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re:Virals 329

Welcome to re:Virals, The Haiku Foundation’s weekly commentary feature on some of the best contemporary haiku and senryu written in English. This week’s poem, proposed by Ann Smith, was:

dead hamster–
my son invents
a religion

— George Dorsty
The Heron’s Nest VI:7 (2004)

Introducing this verse, Ann writes:

My pet hamsters were named Samantha and Darren after the TV show “Bewitched” and they moved their noses just like Elizabeth Montgomery. This sweet senryu about our first experiences of death takes me right back to that time.

Opening comment:

Wonderfully laconic. The words may not sing, but the thoughts do. Quintessential. It takes us from innocence to the outskirts of the human need to reconcile, and be reconciled with, the unexplained and often the unpalatable deep. A god invented, a ritual performed. Insightful, brilliant.

Amanda White gives the body a poke…:

Such a sharp and filmic glimpse into a first encounter with death and the need to construct a meaning to the unknowable. Whilst particularised into a domestic family scene this manages to embrace the wider philosophy behind all religions as well as our enduring fascination with/aversion to death. A hamster too lives for such a short time, yet thrives as a much loved pet whose life has accompanied the own short life of a child to date. Here, then gone, how do we make sense of it all. Children of course have their own unique and unsullied way that does not resort to a template and that which has come before, but identifies that need to commemorate and make sense of something that has now stopped breathing. So whilst on the surface of it we approach this haiku and get it instantly, on re-reading it reveals its wider philosophical inference, it pokes us to ‘think about it’, a dead hamster, a child, grief, life, fragility; and does it with the lightest of touches.

Radhamani Sarma — scope for satire on well-worn ritual:

Interesting to read a novel experience, imagine what a new religion for a dead hamster might be; to conjecture how much time the child spent with the hamster, and how inconsolable is the pain of its death: life intimacy, closeness, affection reflected in “my son invents a religion”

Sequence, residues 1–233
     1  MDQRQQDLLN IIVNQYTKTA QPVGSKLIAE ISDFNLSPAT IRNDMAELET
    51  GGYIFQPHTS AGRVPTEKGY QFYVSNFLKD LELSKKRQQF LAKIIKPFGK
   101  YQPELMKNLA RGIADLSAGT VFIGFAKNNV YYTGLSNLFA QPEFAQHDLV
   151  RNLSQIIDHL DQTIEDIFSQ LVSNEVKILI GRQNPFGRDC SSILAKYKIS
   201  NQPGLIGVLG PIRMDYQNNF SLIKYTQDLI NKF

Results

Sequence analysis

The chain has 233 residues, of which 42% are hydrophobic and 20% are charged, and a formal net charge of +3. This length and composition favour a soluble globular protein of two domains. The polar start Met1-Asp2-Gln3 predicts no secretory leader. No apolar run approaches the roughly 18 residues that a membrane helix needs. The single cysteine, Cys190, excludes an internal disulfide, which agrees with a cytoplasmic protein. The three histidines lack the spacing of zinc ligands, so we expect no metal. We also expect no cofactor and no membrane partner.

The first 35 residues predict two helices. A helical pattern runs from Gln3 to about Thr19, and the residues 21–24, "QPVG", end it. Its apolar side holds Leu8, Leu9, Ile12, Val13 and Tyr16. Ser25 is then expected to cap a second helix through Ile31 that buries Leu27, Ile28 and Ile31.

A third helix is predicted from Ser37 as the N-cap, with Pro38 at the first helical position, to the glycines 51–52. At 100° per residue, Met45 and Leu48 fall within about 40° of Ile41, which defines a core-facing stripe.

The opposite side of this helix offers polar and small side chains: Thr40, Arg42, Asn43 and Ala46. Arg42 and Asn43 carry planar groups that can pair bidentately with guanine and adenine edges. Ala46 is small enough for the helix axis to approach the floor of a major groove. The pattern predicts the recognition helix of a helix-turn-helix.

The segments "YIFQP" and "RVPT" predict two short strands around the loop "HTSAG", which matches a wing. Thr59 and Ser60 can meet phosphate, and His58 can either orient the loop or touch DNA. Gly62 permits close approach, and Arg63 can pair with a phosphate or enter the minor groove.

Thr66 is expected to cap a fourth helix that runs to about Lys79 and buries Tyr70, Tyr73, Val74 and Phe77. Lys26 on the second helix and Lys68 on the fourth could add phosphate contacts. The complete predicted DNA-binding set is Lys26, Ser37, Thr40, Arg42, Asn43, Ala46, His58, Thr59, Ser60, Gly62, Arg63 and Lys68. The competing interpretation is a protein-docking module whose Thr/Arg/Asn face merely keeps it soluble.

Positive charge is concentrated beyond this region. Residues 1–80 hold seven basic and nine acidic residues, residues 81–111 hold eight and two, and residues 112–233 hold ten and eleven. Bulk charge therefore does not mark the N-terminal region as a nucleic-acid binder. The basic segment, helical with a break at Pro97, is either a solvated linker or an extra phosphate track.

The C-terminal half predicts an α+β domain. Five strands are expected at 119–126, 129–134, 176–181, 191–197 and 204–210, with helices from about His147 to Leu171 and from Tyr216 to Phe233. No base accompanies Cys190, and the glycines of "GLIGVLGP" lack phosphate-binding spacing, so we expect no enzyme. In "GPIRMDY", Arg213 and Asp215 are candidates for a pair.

A broad perspective and definition of religion will only take us into a whole thesis on the topic. These days, humans are discarded the moment they breathe their last; no sentiments, a sort of mechanical performance for cleansing and chants . This haiku could serve as a satire in contrast. We could picture the portrait of a chubby hamster framed on the wall, in worshipful mode.

Alan Summers finds respectful thought in one well-crafted verb:
The bluntness of the opening line is usefully direct, as we have an immediate context with no ambivalence. I feel that this reader (myself) can surmise that this is a pet owned/looked after by a child. It might even be the child’s first major experience with death. So before I even have to go further into the poem, to go beyond the first line, I personally have a lot of information. Possibly the only question I have is not about the poem, as it unfolds, but how did the child, if this is biographical, deal with the demise? Did the child merely leave it to a parent to dispose of the creature, whether burial or trashcan, that was once a supposedly loved pet, and an honorary member of the human family? Of course the dead hamster might be discovered by anyone, anywhere, and not necessarily a home location.

How does the chosen haiku traverse the death of a hamster? The author’s child, his son, invents a religion. How wonderful! The son/child does not impose his own religion, if he has one of his own, or one inherited by his parents. The boy creates an individual religion, perhaps never to be repeated even for another pet. He has, out of respect and reverence perhaps, individualised the ceremony.

Now to the mechanics of the short poem of seven words. We have an adjective and noun set up which brings “an immediacy of address” to and for the haiku reader. There is an unequivocal approach, both with the opening line, and the last two lines. Breaking it down in line order:

adjective/denoting state of life = dead
concrete noun/animal = hamster

possessive = my
concrete noun/human = son
verb = invents

indefinite article = a
noun: abstract/concrete/human ritual/practice = religion